Mark White (Queen Mary, University of London) on why academics and the general public disagree on how great a leader Kennedy was and how his 'dazzling image' has proven to be one of his biggest achievements.
John F. Kennedy, Fifty Years On
by Mark White
On 22 November 1963 the world remembers the fiftieth anniversary of the assassination of John F. Kennedy in Dallas. The question of whether Lee Harvey Oswald alone was responsible for the slaying of Kennedy, or whether there was a broader conspiracy, will be reconsidered. People will also reflect on the life and in particular the presidency of JFK, and many will lament the passing of a man they regard as a great leader.
Indeed public opinion polls in recent years reveal that the American people regard Kennedy as one of the greatest presidents in American history, if not the greatest. The public, on both sides of the Atlantic, might be surprised to learn that many scholars do not share their admiration for Kennedy. Whilst some historians give him high marks for his handling of the 1961 Berlin crisis and the Cuban missile crisis, others emphasize the disaster at the Bay of Pigs, his escalation in Vietnam, the huge military build-up he authorised, and his inability to secure the passage of important legislation in Congress. Polls show that most scholars rate Kennedy as an above-average president, but not a great one.
So how does one account for this disparity between how the American people and historians view Kennedy? The answer is Kennedy's potent, seductive, iconic image – it continues to dazzle not only Americans but people throughout the world. In Kennedy: A Cultural History of an American Icon, the book I have just published with Bloomsbury Academic, I examine the issue of how Kennedy was able to develop such a powerful image. A key reason for the appeal of his image was its multi-faceted nature. In 1940 his first book Why England Slept, about the British appeasement of Nazi Germany, was published; and sixteen years later his second, Profiles in Courage, was released – it would go on to win the Pulitzer Prize. This established the idea of Kennedy as a man of letters. In 1943 Kennedy's brave response to the ramming of his PT boat by a Japanese destroyer in World War II won him military honours and generated much publicity that presented him as a war hero to the American people. His election three years later to Congress, whilst still in his twenties, created the idea that he was an exceptionally precocious politician. With his large and interesting family, who always campaigned for him energetically, he emerged as a symbol of the family. And his youthful good looks made him a sex symbol.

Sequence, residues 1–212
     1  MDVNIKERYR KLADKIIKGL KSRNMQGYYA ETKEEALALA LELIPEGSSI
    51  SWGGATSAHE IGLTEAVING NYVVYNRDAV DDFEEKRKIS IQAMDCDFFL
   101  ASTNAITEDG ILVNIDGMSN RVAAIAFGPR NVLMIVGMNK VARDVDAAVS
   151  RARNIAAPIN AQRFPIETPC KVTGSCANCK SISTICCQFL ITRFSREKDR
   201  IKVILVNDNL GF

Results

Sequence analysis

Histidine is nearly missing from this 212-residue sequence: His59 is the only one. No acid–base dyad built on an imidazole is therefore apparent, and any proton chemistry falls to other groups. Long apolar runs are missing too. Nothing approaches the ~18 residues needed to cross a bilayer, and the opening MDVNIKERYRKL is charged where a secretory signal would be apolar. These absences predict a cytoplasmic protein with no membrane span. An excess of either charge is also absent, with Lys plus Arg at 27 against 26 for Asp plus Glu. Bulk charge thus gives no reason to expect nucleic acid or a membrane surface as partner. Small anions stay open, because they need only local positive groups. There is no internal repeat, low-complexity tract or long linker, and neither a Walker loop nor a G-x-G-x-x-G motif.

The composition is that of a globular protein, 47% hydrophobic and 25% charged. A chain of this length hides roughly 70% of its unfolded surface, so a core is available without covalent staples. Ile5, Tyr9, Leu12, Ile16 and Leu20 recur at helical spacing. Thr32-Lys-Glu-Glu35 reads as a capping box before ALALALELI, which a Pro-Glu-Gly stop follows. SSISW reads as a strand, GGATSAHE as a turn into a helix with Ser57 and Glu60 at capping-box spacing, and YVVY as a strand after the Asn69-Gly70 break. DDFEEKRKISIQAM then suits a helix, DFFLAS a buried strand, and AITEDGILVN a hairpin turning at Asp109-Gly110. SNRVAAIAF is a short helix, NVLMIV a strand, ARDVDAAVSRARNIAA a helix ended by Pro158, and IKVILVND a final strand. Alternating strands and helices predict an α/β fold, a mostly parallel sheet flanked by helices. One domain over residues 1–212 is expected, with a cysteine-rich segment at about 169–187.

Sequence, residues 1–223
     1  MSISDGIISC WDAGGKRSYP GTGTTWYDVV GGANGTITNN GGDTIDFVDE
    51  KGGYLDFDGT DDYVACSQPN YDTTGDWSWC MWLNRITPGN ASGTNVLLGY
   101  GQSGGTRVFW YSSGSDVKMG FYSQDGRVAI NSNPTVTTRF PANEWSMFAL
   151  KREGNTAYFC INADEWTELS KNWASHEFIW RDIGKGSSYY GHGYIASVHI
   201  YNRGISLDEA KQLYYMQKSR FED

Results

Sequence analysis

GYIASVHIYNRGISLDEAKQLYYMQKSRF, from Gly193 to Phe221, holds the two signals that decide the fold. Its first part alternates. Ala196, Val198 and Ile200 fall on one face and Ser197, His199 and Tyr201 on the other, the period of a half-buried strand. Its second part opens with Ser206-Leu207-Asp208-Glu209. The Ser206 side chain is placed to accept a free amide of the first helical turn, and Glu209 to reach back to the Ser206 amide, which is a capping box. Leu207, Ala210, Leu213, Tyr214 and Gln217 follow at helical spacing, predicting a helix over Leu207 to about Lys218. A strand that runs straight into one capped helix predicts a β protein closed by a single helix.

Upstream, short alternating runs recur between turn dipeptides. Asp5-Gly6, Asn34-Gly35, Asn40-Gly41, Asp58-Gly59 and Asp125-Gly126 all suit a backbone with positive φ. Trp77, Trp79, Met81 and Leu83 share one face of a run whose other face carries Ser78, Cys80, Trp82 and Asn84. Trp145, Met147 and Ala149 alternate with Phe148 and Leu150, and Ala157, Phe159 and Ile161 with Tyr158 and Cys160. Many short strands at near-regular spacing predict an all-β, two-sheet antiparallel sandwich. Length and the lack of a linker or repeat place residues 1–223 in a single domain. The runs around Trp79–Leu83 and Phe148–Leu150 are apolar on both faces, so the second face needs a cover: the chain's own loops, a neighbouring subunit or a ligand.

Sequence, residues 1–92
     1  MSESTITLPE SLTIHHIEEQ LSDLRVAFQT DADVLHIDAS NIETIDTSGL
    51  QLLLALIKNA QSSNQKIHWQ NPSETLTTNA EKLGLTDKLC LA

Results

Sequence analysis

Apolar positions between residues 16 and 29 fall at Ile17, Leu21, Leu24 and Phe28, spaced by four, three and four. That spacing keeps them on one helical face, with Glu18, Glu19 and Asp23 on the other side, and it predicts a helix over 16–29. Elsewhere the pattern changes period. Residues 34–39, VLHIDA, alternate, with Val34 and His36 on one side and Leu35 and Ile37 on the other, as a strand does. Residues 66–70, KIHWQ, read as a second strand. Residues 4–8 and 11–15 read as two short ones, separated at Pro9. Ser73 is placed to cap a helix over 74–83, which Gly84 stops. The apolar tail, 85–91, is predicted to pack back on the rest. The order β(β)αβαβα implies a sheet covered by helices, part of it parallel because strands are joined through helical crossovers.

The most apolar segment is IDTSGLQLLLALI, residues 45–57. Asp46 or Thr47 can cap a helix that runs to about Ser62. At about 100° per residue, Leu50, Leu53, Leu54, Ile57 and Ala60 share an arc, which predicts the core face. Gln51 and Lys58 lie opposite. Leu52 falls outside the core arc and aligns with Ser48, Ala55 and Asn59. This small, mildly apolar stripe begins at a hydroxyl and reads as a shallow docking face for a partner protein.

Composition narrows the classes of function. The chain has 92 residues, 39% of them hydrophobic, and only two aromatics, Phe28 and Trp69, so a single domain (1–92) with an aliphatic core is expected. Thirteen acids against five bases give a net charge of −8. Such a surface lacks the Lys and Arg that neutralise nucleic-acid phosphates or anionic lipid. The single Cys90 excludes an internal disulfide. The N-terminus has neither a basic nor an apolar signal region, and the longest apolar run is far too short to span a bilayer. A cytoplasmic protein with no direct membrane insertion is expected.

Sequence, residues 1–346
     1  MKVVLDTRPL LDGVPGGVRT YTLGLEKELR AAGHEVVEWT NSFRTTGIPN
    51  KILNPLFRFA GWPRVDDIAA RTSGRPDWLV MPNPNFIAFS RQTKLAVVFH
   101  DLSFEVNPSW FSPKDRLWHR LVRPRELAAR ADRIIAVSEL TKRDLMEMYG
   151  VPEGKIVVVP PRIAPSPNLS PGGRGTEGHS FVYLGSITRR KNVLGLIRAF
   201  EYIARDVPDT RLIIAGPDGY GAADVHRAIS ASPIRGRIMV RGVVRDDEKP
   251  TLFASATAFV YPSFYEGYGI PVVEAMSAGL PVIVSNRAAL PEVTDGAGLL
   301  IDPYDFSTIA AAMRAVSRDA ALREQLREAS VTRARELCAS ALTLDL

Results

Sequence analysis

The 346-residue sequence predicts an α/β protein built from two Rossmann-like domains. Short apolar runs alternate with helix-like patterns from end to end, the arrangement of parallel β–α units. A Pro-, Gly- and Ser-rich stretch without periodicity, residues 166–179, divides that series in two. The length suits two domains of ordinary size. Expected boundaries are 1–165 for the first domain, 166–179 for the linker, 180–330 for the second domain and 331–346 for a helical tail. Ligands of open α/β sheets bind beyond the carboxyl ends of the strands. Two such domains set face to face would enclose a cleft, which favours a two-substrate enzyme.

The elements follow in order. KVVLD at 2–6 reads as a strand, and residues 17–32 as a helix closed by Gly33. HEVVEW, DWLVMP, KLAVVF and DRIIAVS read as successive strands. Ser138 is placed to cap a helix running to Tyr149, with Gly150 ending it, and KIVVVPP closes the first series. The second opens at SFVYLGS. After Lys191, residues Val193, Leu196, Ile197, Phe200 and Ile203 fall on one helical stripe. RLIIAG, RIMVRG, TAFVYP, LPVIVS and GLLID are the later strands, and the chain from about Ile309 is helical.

The 1960 presidential campaign and his inauguration as president added two further components to the Kennedy image. The first was the idea of JFK as a man of faith. One of the big issues in the 1960 campaign was Kennedy's religion as he attempted to become the first Catholic elected president. Some Americans worried that he would owe his allegiance to Rome rather than America and the Constitution. Kennedy had to convince them otherwise. But although this was a political problem for Kennedy, the premise of this whole debate was that he was a man of genuine religious conviction. The pageantry of the inauguration and Jackie Kennedy's princess-like appearance on that occasion added to the sense of JFK as royal.
So by the time he was established in the White House Kennedy appeared to be a man of letters, war hero, political prodigy, symbol of the family, sex symbol, a man of faith and a regal leader. His presidency served to strengthen these ideas about him. When Marilyn Monroe, the greatest sex symbol of the age, appeared scantily-clad at Madison Square Garden to sing 'Happy Birthday' to JFK, this strengthened his own erotic appeal. In 1963 Hollywood released a movie about JFK's service in World War II, thereby reminding Americans of his wartime valour. All of the cultural events at the White House, organised by Jackie, made Kennedy seem a man of cultural refinement, building on his image as a man of letters. The fact that he was the youngest ever elected president enlarged his status as a political prodigy.
With the assassination, Kennedy's life and presidency were over, but the image endured. Jackie Kennedy played the key role in shaping his posthumous image. She gave an interview to Life magazine a week after his death in which she mentioned that her late husband had enjoyed listening to the musical Camelot about King Arthur and the Knight of the Round Table. What she was implying was that Kennedy had been such a graceful, inspring leader that he evoked the Arthurian legend – that he had been so great it was appropriate to think of him in mythical terms. She also made sure that Kennedy's funeral was based on Abraham Lincoln's, in effect asserting his greatness by linking him to another president whose greatness was clear.
In the current age of 'spin' dominated politics when our leaders devote much time to thinking about questions of image, it is easy to condemn JFK for the importance he attached to image during his own lifetime. But in fact given the impact of television on politics it was sensible and realistic of Kennedy to believe that image would decisively affect his political credibility. His dazzling image has proven be his most long-lasting achievement. Despite defusing the Cuban missile crisis, the Cold War endured for another quarter century. Despite introducing the landmark civil rights bill to end racial segregation, it took the political skills of his presidential successor Lyndon Johnson to get it passed in Congress. But such was the skill with which he constructed his image that he continues today to enchant people throughout the world.
Mark White is the author of Kennedy: A Cultural History of an American Icon (2013), and Professor of History at Queen Mary, University of London, UK.